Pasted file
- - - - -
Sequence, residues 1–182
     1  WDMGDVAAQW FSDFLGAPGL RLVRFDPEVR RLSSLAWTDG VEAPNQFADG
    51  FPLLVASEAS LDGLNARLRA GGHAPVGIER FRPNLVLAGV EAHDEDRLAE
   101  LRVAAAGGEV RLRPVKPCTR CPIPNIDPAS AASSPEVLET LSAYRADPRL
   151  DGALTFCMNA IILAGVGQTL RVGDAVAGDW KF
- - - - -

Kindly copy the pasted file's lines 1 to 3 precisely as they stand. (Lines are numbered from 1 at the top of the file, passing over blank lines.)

Sequence, residues 1–182
     1  WDMGDVAAQW FSDFLGAPGL RLVRFDPEVR RLSSLAWTDG VEAPNQFADG
    51  FPLLVASEAS LDGLNARLRA GGHAPVGIER FRPNLVLAGV EAHDEDRLAE